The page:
Reuben John Reuben John - 3 months ago 9
C Question

segmentation fault in c while coding Vigenère’s cipher

I am really new to coding and I have been teaching myself how to code by using EDX.org. This week I have been studying about Cryptography and I have to create a Vigenère’s cipher. I wrote the code and for the most part, it's correct. However when I compiled the program, it's showing a segmentation error. I have been trying to figure our why this is happening and I am totally stuck. Could you take a look at my code and tell me whats wrong?

#include <stdio.h>
#include <stdlib.h>
#include <cs50.h>
#include <string.h>
#include <ctype.h>


int index(int k, int c);

int main (int argc, string argv[1])
{
//check for correct criteria
if (argc = 2, isalpha(argv[1]))
{
string text = GetString();
string key = argv[1]; //store key word
int Totalshift = strlen(key); //number of shift for keyword


int shift = 0;

//loops over the whole text
for (int i = 0, n = strlen(text); i <n; i++ )
{
char p= text[i];
char k = toupper(key[shift]); //Upper case for each character

if (isupper(p))
{
//convert to 0 index
p = p - 65;
k = k - 65;

int crypt= index (k , p);

printf("%c", crypt+65);

shift= (shift+1) %Totalshift;
}
else if (islower(p))
{

p = p - 97;
k = k - 65;

int crypt= index (k , p);

printf("%c", crypt+97);

shift= (shift+1) %Totalshift;
}
else
{
printf("%c", p);
}


}
printf("\n");
}




//error message
else
{
printf("ERROR!\n");
return 1;
}


}

//index function
int index(int k, int p)
{
return (k+p)% 26;

}

Answer

string

No. Never, ever hide pointers.

int main(int argc, char ** argv)

Then:

//check for correct criteria 
if (argc = 2, isalpha(argv[1]))

Here, you assign to the variable (parameters behave like local variables in that respect) the value 2, thus destroying the previous value (which holds the number of arguments given to the program). The result is the value which was assigned, thus 2. Then, there's the comma operator: You discard that 2, and then call isalpha(argv[1]), which clearly shows why you should always turn on warnings and never, ever hide pointers:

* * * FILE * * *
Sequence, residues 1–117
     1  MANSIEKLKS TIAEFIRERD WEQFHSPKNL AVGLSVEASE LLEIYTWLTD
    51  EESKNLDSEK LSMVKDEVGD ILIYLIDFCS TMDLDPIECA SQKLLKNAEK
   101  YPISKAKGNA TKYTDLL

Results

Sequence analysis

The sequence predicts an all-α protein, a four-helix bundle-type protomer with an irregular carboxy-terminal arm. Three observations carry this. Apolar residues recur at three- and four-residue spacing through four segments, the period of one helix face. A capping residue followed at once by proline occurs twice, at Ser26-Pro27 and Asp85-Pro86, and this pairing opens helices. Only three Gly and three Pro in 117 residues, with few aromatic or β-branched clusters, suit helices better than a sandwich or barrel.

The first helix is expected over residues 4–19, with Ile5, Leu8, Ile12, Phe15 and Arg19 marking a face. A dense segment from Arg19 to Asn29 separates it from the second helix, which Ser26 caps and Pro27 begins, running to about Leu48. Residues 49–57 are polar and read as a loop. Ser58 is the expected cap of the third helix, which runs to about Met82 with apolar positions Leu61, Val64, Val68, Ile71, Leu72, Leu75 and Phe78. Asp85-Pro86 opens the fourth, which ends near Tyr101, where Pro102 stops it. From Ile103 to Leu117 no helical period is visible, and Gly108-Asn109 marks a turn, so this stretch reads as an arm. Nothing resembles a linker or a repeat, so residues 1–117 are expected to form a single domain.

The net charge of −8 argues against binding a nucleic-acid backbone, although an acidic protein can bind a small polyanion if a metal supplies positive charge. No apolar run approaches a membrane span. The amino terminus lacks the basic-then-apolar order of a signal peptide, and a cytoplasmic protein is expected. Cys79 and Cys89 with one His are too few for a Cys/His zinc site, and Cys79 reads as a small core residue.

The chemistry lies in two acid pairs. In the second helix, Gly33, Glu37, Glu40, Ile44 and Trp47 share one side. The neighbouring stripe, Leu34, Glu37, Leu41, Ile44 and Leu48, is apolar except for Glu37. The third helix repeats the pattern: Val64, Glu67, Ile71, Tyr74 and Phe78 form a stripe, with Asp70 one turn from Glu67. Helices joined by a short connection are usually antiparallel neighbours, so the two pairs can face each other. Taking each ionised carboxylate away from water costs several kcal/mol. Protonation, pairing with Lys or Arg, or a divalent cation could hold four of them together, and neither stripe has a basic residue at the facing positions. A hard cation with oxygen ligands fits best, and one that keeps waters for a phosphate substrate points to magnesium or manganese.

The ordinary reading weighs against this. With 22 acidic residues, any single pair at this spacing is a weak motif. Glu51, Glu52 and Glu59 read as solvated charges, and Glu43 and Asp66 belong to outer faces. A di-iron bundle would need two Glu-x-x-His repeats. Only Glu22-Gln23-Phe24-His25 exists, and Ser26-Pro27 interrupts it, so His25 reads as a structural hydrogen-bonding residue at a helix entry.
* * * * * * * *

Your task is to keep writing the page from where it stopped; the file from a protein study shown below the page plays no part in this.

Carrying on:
argv[1] is of type char *, thus a pointer to a character array (or, as we know in this case, a character array terminated with '\0', which is called a C string). Since isalpha takes an int as parameter the value of the pointer ("the memory address") is implicitly converted to (a probably very large) int value. Quoting from above link, emphasis mine:

The c argument is an int, the value of which the application shall ensure is representable as an unsigned char or equal to the value of the macro EOF. If the argument has any other value, the behavior is undefined.

Which is possibly the source of the segmentation fault.

Finally, that GetString really looks fishy to me. Assuming that it allocates some memory (for the string that it presumably reads from the user) ... where do you free that memory? Is it really allocating memory, or possibly returning a pointer to an array with automatic storage duration (a local variable, so to say)?